Sikh community stepping in again as hundreds of families queue for food

Emergency food providers have warned their toughest winter yet is set to get even tougher.

The return to alert level 3 has left thousands of Aucklanders desperately seeking help.

That need was evident on Sunday as hundreds of families queued outside a Sikh temple, many getting food parcels for the very first time.

Car after car after car - the demand for food parcels is staggering. A kilometre-long queue wrapped around Takanini streets today, a clear sign families are struggling to make ends meet.

"It's more demand than before," Deljit Singh, from the Supreme Sikh Society of New Zealand, says.

It's taken the Sikh community three days to gather food to give to people in need. Last lockdown saw record demand. This week that record's been blown out of the water.

This afternoon, they handed out 2100 packs - that's on top of 1500 given out several days ago.

"We are here to serve the community," Singh says.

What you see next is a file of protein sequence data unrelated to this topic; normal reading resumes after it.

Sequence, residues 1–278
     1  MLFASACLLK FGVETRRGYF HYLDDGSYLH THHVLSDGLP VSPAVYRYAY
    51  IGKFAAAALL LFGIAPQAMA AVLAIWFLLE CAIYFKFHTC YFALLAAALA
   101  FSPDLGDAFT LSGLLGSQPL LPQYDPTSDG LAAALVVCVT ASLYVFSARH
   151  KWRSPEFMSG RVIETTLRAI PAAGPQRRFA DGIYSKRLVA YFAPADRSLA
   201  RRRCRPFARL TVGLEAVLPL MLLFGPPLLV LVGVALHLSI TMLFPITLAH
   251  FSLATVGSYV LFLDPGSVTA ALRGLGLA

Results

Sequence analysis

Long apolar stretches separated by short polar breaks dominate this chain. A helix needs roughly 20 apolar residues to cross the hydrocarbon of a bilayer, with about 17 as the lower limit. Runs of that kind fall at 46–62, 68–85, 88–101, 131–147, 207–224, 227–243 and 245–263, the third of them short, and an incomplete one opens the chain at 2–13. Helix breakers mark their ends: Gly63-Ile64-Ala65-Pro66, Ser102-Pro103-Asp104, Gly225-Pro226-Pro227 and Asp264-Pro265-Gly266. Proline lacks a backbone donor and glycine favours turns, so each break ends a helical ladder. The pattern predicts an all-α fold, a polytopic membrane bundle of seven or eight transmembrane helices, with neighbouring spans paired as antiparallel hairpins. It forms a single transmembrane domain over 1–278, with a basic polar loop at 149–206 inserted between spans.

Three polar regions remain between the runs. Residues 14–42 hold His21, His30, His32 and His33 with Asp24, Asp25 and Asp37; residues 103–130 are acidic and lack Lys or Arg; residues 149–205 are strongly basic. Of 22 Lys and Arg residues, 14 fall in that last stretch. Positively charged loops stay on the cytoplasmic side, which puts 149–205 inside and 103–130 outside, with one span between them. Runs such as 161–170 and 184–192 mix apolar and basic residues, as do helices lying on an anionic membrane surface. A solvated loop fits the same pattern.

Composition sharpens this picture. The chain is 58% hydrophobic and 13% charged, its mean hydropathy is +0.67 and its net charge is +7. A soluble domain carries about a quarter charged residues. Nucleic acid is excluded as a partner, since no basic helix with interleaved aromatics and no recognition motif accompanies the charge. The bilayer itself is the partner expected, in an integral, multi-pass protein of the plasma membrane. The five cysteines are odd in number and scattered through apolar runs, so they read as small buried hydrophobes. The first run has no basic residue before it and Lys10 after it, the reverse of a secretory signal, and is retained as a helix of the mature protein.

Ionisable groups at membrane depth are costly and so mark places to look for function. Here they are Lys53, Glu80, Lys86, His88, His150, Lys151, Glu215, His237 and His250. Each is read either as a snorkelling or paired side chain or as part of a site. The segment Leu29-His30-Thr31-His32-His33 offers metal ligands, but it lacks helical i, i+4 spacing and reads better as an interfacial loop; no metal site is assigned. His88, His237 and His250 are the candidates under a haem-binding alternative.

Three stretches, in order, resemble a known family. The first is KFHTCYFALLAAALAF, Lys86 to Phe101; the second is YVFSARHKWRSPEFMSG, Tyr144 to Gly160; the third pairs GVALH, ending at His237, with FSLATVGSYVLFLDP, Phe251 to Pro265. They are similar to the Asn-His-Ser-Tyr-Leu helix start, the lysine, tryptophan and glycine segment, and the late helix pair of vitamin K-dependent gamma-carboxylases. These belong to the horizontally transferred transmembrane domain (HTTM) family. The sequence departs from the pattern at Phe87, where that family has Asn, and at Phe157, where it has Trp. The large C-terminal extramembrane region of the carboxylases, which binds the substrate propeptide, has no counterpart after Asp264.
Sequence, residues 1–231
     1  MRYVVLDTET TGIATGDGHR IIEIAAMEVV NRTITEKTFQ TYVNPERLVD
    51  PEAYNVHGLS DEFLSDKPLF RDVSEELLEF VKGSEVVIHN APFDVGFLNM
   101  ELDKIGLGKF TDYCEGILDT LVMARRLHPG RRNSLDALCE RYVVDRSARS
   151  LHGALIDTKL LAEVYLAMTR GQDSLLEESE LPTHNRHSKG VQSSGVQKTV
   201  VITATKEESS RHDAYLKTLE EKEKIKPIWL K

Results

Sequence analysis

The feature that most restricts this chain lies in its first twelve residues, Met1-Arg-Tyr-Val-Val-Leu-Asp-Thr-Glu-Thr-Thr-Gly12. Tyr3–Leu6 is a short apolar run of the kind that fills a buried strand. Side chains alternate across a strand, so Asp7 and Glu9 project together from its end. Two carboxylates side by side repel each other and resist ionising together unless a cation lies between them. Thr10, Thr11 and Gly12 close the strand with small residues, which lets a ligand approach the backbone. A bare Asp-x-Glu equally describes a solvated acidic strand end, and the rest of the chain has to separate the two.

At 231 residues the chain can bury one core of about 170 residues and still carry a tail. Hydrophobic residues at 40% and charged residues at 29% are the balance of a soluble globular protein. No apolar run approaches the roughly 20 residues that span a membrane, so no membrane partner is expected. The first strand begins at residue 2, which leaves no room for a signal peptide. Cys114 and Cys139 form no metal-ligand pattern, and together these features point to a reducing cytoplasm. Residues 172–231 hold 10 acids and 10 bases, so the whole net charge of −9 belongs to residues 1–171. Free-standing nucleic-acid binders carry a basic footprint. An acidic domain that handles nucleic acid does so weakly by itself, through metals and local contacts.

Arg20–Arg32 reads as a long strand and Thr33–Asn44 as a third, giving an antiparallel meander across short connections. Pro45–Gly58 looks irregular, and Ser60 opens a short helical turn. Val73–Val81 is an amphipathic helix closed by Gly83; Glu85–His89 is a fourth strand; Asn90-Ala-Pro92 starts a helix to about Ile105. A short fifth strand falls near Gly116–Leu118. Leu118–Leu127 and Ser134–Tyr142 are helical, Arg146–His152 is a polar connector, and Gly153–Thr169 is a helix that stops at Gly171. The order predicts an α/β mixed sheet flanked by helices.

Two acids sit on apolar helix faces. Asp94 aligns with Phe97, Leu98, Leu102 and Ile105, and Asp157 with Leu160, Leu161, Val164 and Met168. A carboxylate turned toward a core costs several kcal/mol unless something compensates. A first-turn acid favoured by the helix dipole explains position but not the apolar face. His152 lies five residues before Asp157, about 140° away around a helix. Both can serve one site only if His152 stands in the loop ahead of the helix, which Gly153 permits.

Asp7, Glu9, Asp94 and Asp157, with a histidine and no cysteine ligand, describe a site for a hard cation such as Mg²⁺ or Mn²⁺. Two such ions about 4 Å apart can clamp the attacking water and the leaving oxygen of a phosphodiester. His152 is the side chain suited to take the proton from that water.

"We are not here to convert anyone to religion, instead we are here to convert people to humanity."

Inside it was just as busy as the carpark. Dozens of volunteers packed food together, each bag enough to feed five people for three days.

The Sikh community helping out.
The Sikh community helping out. Photo credit: Newshub

The resurgance of COVID-19 in the community has brought a second wave of hardship and this support goes a long way.

"My youngest one's so happy," one woman told Newshub.

"Very very grateful," another said.

Almost 25,000 government food grants were given out last week but that only includes the first two days of alert level 3.

And with demand like this emergency food providers say the need is much much higher. KidsCan was already helping thousands of extra families this winter.

"Things are really tough for them and in fact we know that this is the toughest winter yet for the children we support," CEO Julie Chapman says.

Schools are sending food to homes with classrooms shut and the charity is preparing for demand to soar.

"That is just going to increase as redundancies, job losses continue to bite," Chapman says.

So while this might be a shorter stint of lockdown it'll be a long time before the cars stop coming.